This is not what I expected. I expected to have a clear-cut idea of what I was doing here, I expected to have a direction. Perhaps once I settle down it’ll be clearer…

(FF a week or two)

October 9th, 2012; Ibel Village, Senegal

I am now in my village. It is the village of Ibel, a community of roughly 2000 people, stretching about a mile, and nestled at the base of a foothill in a lush, far from vast valley. The village itself consists of smaller hut compounds that each house a family, and border a main path which snakes around one end of the foothill. Think of the village as a snake, rather than a box or a circle. At the time of writing this part (right now), i’ve been in my village for exactly 1 week, or 7 days, or 176 hours, and it has gone by so quickly. When I put it into hours, it doesnt seem nearly as long. Time is already flying, and I know that this Global Citizen Half-Year is going to end sooner than I think. So I’ve got to make the most of it. I think my first step will be exploring this valued valley of mine. There will be no short supply of things to keep me busy and having fun (false). I start my work soon (false), I’ll be assisting at the eco-tourism lodge (false), and later, after the big sheep-roasting festival of Tabaski, I’ll be teaching English at the Ibel collége (middle-school), a 3-room facility just off the main road near the center of town (true). That’s where I need to go to charge my electronics. They’ve got a small panéle solaire and I can pay 100 FCFA, the equivalent of about 20 cents, to charge my phone or computer. Small enterprise FTW. It’s the only electricity in the village. I’ve got my harmonica, my hacky-sack, about 10 good books, a little pocket journal, a keen mind, a heart full of adventure, and now, a ~3 week-old puppy, Kikkide Bibbe. He was a present from my host mom, and my how he pees. It’s a good idea to potty train dogs in Africa, though, because the floors are concrete. You can just throw some dirt on it and sweep it away. Also, if I was ever going to flood the 2nd story of a 2-story house, Africa, also, would be the place to do it. I’m living and learning on this trip.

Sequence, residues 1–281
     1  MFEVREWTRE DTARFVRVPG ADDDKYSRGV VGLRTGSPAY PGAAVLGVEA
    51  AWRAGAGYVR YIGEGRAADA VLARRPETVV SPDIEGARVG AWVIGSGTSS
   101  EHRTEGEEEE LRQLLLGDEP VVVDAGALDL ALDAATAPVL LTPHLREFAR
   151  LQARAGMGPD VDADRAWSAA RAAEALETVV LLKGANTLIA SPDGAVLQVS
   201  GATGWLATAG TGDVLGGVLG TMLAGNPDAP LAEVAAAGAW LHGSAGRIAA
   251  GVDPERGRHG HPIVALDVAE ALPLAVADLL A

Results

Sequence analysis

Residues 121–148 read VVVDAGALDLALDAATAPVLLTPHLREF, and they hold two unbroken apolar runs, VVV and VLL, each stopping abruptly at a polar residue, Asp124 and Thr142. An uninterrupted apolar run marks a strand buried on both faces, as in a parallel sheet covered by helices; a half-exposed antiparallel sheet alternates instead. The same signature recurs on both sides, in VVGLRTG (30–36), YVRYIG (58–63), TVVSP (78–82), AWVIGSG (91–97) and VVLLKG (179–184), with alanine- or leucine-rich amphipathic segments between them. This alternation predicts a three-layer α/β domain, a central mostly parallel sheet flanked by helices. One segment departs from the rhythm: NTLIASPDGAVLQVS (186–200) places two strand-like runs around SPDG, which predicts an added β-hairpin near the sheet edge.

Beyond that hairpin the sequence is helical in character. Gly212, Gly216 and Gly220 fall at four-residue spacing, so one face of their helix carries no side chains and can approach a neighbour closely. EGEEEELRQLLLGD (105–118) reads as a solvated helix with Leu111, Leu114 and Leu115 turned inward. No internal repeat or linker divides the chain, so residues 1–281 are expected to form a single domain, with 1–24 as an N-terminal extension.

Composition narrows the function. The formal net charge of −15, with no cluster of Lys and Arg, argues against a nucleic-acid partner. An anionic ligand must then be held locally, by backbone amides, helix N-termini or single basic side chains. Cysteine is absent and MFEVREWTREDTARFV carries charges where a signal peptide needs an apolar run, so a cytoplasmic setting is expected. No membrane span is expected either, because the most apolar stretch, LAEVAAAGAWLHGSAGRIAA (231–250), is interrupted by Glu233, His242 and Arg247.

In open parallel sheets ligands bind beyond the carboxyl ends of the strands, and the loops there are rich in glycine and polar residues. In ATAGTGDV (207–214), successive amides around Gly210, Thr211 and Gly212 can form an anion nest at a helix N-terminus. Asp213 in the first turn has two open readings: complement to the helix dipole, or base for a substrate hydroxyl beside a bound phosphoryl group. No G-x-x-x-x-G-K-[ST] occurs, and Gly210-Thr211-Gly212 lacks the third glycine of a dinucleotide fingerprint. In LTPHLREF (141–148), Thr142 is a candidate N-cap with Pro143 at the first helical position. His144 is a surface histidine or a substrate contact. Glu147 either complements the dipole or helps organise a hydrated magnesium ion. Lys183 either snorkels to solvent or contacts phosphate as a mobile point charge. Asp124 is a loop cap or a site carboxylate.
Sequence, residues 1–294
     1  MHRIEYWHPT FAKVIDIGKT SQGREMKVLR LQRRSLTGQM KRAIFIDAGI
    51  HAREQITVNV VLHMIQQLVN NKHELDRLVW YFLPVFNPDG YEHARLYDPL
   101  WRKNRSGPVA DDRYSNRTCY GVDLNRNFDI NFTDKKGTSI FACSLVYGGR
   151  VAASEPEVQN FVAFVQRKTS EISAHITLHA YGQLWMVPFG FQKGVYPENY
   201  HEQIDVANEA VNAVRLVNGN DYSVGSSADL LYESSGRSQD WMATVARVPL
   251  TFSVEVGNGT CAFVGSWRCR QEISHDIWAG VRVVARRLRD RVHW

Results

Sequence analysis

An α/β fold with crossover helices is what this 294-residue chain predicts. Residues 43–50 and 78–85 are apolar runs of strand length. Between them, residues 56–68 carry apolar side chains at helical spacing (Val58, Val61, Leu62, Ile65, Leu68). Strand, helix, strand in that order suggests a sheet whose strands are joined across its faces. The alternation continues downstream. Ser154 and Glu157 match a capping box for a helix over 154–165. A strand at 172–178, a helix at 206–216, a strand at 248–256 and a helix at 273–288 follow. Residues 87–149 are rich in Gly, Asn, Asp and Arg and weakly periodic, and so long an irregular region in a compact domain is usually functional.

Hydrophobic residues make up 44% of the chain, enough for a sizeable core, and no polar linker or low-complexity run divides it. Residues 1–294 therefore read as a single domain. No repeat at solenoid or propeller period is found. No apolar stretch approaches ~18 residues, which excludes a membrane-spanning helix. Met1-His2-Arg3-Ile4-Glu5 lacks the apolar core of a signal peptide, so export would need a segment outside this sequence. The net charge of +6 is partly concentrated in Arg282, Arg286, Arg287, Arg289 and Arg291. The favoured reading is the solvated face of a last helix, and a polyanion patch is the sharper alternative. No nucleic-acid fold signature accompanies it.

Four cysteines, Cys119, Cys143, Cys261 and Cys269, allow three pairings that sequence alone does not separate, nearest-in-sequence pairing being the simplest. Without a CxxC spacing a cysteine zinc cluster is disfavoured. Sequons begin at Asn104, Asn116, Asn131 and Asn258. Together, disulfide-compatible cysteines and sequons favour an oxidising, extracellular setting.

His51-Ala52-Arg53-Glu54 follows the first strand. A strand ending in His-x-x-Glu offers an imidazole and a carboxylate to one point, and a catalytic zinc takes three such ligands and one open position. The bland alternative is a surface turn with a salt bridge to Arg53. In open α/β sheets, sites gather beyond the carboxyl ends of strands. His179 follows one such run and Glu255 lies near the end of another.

It’s easy to go into defense mode here and just ride it passively, with minimal effort. That’s what I’ve been doing. But it seems that the weather isn’t the only thing that’s changing. Speaking of the weather, taking a bucket shower outside in the middle of a thunderstorm is about the funnest thing I’ve done since riding in the back of a pick-up truck in Dakar. I take showers, by pouring buckets of water on my head. Water that’s been drawn up from a well. I drink bleached water (sometimes), that has also been drawn up from a well. I wash my clothes in buckets—with water that’s been drawn up from a well. Here’s some Pocket Pulaar for you. Jogugol- To draw water up from a well. All of my meals are cooked over campfires, and out of 20 meals, 18 of them have been rice with some type of sauce or furnishing. But I eat well, and grow strong. I haven’t been taking my vitamins (sorry Mom). This is like 4 star camping, I feel like I was made for this.